Lester Pelton – an unrecognized genius

Lester Allen Pelton (September 5, 1829 – March 14, 1908) was an American inventor who contributed significantly to the development of hydroelectricity and hydropower in the old West and world-wide. In the late 1870s, he invented the Pelton water wheel, at that time the most efficient design of the impulse water turbine. Recognized as one of the fathers of hydroelectric power, he was awarded the Elliott Cresson Medal during his lifetime and recently was inducted into the National Inventors Hall of Fame.


If the name Pelton doesn’t ring a bell or you’re unfamiliar with mining history, click on the link.

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9 Responses to Lester Pelton – an unrecognized genius

  1. Andrew says:

    His hydropower turbines are still considered top-of-the-line for small hydroelectric setups. Much more efficient than solar or wind, but not as ‘green-sexy’ since they require some modification to water courses, which is a no-no in the green world. Chop birds up or flash-fry them, well, that’s okay!

  2. The Pelton wheels I’ve seen up in California’s gold country looked more like twin scoops or buckets, side by side on each spoke of the wheel. Pretty smart cookie that Pelton fellow!

  3. Doonhamer says:

    He got the blade pattern by sitting, hard butt, in a big bucket of modelling clay.

  4. Odgreen says:

    Wait a minute……that’s not one of the American inventors that pops up during a googturd search of American inventors! You must be mistaken……oh, wait…….this is a Black History post, right!!?? Clearly that man is a phony, as ALL American inventors are BLACK…….right!?…..right!!??……(is this where I insert sarc/off note?)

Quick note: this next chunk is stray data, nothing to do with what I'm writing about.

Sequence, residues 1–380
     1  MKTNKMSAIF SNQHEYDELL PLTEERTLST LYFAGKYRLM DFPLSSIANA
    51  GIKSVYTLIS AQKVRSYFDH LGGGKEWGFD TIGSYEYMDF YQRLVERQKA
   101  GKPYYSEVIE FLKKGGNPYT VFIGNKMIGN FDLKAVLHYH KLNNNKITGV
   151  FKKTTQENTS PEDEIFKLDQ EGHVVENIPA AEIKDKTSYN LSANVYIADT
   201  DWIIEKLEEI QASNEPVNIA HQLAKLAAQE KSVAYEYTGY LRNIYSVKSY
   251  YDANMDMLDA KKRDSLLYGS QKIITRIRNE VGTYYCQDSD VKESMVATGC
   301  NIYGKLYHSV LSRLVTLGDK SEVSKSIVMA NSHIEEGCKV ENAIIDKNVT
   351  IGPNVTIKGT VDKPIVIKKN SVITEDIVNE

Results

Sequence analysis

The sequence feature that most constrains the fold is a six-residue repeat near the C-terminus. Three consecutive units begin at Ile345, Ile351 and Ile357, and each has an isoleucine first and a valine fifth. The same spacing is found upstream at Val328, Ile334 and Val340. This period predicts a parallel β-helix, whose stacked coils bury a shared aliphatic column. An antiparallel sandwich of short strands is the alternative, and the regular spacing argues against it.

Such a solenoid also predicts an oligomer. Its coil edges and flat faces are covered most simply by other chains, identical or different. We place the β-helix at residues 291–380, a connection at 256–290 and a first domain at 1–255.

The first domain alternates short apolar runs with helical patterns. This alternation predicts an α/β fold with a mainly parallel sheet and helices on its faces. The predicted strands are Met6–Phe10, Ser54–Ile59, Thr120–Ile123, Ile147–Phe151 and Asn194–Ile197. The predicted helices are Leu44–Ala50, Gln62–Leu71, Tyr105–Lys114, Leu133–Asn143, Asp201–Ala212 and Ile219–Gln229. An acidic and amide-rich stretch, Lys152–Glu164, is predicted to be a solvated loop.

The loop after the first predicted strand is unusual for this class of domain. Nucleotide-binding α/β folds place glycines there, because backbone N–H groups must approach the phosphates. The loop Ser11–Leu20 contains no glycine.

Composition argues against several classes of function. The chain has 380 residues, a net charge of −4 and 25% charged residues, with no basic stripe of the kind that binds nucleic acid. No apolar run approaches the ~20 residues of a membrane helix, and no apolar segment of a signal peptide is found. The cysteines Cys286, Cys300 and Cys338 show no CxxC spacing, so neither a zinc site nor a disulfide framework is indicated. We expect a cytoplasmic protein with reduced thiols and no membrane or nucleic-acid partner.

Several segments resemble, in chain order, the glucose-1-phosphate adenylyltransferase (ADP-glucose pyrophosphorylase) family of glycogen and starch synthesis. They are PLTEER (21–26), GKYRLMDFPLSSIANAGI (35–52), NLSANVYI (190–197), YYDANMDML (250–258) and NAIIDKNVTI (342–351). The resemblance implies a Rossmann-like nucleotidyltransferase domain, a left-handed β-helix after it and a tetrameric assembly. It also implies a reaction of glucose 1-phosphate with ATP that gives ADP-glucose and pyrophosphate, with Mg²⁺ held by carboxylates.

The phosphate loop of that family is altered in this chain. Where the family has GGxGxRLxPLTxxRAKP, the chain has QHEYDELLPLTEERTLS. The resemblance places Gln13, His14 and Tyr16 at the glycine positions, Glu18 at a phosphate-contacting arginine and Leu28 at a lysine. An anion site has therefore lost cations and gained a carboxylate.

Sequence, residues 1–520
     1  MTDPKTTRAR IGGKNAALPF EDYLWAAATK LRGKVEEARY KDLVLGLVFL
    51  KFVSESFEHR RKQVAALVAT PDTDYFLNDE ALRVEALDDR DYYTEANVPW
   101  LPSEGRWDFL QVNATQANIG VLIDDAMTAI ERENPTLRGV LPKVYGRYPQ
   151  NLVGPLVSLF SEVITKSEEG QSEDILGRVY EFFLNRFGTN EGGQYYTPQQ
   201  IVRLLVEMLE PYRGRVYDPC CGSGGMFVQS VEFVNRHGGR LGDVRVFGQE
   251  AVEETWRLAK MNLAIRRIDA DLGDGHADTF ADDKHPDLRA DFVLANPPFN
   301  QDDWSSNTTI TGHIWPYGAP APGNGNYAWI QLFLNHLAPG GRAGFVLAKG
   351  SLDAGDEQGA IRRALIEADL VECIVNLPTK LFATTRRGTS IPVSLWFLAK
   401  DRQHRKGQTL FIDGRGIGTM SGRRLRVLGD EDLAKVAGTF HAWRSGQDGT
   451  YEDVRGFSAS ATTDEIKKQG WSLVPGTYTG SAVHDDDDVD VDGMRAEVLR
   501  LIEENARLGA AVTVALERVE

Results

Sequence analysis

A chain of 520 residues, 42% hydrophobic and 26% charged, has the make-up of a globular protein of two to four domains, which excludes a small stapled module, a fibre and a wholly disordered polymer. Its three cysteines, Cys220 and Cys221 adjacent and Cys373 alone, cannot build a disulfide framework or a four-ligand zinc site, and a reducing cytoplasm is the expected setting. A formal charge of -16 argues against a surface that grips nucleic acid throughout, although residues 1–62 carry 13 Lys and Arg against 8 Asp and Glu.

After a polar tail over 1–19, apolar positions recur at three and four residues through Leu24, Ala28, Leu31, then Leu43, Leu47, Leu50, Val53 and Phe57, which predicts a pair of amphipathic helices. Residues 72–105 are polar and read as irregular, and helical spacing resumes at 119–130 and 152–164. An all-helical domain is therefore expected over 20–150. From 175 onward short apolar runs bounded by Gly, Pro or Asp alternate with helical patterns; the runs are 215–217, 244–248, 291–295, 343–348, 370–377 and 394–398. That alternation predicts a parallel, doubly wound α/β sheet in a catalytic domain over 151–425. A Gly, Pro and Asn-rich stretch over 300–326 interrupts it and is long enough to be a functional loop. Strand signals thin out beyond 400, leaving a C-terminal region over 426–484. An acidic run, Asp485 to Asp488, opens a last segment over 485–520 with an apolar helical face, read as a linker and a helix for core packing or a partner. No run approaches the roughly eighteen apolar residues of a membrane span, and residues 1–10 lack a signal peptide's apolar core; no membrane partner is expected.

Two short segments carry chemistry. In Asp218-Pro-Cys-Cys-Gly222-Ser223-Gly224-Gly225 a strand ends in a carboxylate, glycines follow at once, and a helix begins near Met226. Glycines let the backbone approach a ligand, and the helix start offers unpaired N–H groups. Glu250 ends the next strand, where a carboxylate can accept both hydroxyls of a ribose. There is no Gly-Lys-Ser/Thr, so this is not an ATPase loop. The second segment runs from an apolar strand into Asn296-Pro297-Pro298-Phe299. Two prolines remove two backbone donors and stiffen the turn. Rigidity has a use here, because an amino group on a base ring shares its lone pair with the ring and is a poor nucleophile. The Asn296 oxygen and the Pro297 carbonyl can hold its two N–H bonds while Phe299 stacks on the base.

5. bob says:

    but he ain’t black, so he don’t count.

    • Elmo says:

      Yeah, all those white guys, always inventing things that benefit mankind. What’s up with that?
      IT’S NOT FAIR!!!

  6. Elmo says:

    Y’all might find this of interest too.

  7. Jean says:

    If you are still stuck in Ca, there is a state park (Wilder Ranch) just north of Santa Cruz, Ca. It has a Pelton water wheel that runs a belt driven machine/blacksmith shop. They only run it a few days each month, but it is a really neat display of what can be done with the power from one of these little jewels.

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